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Language Teaching Methodology


The difference between a linguist and a polyglot is that while a polyglot can speak many languages, a linguist can as well speak many languages and focuses on use, structure and psychology of the language. Becoming a linguist is thus a very challenging task and requires proper training than the training a polyglot would undergo. The methodology used to teach a language determines the ease at which the learners grasp the concepts. Many methods are used to teach languages today. The first applied linguist to develop a method of teaching languages was Anthony, who came up with three methods. The three methods developed by Anthony were silent way, community language learning and Suggestopedia. Ever since many other methods have been developed, yet no single method has been identified as the best. Even though linguistic teachers may consider one method or the other as the best, the same method may not be the preferred to the learners. This research was conducted to investigate the most preferred language teaching method by linguistic students.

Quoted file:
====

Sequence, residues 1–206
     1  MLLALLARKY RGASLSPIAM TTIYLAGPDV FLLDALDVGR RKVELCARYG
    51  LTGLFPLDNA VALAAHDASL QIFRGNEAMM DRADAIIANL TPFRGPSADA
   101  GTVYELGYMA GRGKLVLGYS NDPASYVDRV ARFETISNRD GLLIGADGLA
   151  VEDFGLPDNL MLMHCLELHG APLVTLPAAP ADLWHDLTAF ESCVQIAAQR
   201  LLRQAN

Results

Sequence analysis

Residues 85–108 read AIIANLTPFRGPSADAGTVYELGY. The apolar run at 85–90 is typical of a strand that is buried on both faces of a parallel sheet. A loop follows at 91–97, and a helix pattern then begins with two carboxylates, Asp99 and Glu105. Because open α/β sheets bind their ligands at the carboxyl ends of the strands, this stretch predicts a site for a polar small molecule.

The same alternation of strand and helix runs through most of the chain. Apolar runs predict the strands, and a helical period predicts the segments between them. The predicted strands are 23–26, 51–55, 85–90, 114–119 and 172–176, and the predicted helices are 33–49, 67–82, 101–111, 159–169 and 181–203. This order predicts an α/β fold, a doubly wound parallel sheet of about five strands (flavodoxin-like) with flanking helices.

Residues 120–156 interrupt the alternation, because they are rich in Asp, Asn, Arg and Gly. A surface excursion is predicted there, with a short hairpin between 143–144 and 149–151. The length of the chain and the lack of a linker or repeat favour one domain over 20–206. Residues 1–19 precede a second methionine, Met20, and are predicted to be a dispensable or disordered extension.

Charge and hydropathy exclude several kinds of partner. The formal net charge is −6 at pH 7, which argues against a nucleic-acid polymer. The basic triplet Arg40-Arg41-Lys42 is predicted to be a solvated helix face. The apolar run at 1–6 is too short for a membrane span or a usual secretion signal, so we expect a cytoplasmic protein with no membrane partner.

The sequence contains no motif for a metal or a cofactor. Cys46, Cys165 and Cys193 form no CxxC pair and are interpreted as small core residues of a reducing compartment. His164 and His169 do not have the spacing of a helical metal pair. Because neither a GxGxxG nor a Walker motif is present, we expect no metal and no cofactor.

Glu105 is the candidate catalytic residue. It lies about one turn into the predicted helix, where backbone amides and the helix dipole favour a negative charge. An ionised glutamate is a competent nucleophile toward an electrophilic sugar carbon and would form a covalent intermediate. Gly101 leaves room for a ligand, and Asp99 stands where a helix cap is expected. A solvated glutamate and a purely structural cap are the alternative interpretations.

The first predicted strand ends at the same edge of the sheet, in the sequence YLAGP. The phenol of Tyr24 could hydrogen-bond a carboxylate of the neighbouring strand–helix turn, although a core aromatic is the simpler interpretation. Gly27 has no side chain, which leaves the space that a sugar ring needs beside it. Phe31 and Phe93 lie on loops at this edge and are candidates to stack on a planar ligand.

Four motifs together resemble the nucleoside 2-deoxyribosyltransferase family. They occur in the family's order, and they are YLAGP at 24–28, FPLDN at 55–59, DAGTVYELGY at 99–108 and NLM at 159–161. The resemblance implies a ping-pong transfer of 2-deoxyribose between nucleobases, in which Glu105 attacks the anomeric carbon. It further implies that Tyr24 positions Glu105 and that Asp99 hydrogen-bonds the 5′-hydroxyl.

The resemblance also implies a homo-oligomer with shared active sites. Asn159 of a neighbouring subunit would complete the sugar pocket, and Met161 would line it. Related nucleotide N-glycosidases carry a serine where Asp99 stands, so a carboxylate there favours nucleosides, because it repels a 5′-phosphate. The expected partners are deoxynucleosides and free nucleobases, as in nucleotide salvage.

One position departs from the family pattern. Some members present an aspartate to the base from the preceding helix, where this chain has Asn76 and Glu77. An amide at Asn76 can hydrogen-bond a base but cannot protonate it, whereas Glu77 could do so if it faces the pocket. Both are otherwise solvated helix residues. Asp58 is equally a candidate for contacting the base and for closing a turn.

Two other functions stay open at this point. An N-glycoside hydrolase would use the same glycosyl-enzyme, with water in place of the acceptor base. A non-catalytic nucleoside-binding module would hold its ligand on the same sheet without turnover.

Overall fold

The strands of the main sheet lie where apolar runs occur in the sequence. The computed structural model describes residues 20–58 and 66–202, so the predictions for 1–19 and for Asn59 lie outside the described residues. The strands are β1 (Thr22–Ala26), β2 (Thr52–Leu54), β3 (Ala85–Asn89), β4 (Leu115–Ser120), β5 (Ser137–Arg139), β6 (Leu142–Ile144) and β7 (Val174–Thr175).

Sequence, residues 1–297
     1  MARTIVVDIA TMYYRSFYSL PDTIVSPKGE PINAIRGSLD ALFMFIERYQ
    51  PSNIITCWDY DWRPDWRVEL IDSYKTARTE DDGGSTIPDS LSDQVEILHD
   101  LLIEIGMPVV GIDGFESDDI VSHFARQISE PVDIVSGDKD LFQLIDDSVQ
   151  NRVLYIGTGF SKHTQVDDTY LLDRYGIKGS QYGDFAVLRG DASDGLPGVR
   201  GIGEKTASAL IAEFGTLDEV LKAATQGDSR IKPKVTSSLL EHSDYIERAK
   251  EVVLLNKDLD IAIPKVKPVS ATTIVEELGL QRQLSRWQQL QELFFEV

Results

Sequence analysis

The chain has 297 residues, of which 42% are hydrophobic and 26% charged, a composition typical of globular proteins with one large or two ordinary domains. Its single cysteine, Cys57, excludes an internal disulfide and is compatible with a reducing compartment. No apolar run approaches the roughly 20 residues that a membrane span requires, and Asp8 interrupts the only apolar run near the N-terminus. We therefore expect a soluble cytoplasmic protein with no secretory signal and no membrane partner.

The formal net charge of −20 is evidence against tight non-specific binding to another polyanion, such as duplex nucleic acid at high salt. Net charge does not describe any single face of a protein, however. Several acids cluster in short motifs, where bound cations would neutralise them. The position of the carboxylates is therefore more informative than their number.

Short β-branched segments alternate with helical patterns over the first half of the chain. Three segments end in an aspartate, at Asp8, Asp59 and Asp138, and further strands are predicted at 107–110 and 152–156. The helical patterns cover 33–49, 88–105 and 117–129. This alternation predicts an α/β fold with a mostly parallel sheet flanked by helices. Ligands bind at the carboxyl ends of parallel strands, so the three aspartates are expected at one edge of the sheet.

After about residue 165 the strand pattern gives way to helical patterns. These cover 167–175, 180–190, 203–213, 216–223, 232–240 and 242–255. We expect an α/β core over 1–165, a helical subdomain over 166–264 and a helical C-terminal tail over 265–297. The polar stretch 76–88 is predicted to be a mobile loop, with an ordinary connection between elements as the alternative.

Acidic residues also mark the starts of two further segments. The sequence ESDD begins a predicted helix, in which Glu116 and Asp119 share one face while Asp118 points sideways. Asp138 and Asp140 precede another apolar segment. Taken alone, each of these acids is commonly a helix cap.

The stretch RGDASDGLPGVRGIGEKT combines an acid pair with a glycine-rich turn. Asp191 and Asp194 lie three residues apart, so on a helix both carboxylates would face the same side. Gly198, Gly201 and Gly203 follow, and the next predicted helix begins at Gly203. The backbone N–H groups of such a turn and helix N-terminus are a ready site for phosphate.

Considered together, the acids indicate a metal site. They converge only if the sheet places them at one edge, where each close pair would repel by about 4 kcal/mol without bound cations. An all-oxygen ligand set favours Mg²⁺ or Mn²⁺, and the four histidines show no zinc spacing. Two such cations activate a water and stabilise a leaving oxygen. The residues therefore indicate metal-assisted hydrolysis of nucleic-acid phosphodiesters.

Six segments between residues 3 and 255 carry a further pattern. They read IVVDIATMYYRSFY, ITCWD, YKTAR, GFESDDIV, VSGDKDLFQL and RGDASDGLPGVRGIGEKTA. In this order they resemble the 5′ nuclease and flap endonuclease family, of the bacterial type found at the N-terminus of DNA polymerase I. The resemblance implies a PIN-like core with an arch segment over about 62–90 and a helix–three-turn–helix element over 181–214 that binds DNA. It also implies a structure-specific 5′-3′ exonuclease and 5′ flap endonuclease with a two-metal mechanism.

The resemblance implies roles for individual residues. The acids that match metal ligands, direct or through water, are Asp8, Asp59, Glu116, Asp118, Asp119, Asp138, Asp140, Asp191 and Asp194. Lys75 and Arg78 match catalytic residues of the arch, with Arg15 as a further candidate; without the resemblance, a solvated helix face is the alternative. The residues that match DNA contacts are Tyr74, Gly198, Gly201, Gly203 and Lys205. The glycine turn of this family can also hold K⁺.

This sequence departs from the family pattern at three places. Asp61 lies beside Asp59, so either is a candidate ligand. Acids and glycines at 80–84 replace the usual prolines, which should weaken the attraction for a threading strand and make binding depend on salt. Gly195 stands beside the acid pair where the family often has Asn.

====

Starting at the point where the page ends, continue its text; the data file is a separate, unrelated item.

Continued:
There are very many methods of teaching languages that have been developed and studied. Although Celce-Murcia covers some of the most commonly used methods, her approach aims at discussing the method and their origins. Very few studies have endeavored to determine the best method among the long list of methods. Nevertheless, even among the few studies that have researched on the best method, none have factored the interest of the learners. This study, therefore, will be of great significance as it aims to determine the best language teaching method by taking the learners' view approach. Knowing the learner’s preferred method equates to knowing the method that makes the students understand what their teacher is teaching them. As such, the results of this survey can be used to find out the best method for better understanding by the students.